May 26, 2016
bumblebee and ant in the wisteriasunrise – 5:55, sunset – 8:40
14 hours and 35 minutes of daylight
The wisteria is planted in the worst soil, in the most inhospitable spot and yet in its second year it bloomed. There are more than a dozen flower-clusters and the bumblebees love them. They climb right into the flower, almost disappearing into its cup-shaped petals.
I spent some time tying the new growth down so that it didn’t look like wild green hair sprouting from the top of the fence post. I want to grow the vine all the way down the lateral beam keeping it long rather than thick. And I suspect it was that pruning and shaping that I did last year that produced the flowers; that and the genetically modified plant the company shipped. (Years ago when we planted a wisteria at Rick-and-Sarah’s the literature all said that it would take 7 years before the plant produced flowers. Research also pointed out that the plant produced blooms when it determined that it was in danger – poor soil, bad environment. I remember thinking that I could plant it in the concrete, in the corner near the alley between my house and the neighbor’s.)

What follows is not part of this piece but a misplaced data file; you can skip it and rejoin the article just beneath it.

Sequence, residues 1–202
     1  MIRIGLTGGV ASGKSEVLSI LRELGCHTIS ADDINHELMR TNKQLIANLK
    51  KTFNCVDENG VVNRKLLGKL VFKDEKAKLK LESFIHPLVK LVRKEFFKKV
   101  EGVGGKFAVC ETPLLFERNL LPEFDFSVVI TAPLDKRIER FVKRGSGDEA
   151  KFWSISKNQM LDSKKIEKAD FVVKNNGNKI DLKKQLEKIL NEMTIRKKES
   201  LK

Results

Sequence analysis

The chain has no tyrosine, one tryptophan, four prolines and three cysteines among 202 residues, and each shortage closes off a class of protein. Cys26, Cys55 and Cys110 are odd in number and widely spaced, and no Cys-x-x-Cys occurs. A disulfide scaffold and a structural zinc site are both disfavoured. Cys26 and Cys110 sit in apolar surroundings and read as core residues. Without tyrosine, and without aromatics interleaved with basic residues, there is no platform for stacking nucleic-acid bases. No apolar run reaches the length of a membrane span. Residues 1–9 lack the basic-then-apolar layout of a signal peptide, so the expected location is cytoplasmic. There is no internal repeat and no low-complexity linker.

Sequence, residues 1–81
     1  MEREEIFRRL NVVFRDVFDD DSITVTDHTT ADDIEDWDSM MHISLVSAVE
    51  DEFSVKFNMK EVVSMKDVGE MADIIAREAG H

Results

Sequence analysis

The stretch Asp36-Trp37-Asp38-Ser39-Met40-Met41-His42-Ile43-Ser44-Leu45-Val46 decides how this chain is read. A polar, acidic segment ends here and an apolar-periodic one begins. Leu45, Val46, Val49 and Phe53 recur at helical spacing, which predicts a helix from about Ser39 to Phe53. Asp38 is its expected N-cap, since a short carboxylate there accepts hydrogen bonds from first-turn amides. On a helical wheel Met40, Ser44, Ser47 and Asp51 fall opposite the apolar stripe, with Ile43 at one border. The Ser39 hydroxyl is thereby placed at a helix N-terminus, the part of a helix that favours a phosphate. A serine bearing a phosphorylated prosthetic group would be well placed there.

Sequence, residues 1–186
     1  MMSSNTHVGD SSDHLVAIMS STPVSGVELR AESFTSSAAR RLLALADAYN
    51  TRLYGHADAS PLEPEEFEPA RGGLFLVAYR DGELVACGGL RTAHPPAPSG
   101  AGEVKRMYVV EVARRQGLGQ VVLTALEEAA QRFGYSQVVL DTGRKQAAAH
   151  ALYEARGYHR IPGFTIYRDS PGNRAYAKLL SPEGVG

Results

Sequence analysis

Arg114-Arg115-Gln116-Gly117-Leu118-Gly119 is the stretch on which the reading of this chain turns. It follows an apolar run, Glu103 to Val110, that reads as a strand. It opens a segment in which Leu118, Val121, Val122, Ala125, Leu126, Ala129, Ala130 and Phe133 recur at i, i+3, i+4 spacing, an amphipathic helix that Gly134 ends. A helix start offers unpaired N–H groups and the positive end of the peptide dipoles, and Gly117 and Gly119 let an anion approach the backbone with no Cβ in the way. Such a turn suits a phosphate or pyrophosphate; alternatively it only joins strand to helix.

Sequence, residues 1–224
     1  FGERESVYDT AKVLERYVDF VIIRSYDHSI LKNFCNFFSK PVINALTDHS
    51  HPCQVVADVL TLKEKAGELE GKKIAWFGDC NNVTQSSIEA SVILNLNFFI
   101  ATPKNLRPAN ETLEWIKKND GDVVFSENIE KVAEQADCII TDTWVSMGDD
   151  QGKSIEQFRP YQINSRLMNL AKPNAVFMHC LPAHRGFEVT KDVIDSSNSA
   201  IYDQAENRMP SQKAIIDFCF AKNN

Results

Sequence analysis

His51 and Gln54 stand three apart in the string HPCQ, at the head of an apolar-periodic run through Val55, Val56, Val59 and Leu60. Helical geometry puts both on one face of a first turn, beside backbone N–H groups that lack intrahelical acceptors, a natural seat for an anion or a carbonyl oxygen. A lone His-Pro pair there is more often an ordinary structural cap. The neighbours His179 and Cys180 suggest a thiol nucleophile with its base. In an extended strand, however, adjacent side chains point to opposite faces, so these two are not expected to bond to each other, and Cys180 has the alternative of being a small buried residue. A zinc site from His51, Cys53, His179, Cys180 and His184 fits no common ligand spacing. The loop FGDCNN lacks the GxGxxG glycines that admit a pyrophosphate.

The genetically altered plant ended up in the north-east corner, because the grape-vine I had there needed extra care to produce grapes. (I wasn’t willing to introduce the insecticides needed to keep the grapes from falling off the cluster.) It took almost 3 years to get rid of the grape-vine. When I planted the wisteria, I was expecting a vine that would cover the long two-by-four that straddles the top of the fence. By the end of last year’s growing season, the vine was half-way across the back-yard. It gave the top of the fence an added dimension. I liked it.
I’ve been recording the daylight in Sault Ste Marie, because I finally figured out why my dad and his fellow immigrants are able to grow vegetables in such a short growing season. The answer is the amount of daylight. Down here we have the temperatures, up there the cold lingers, but once the daylight comes it stays. They get almost an hour more of daylight than we do down here in Western Pennsylvania.
15 hours 26 minutes of sunlight in Sault Ste Marie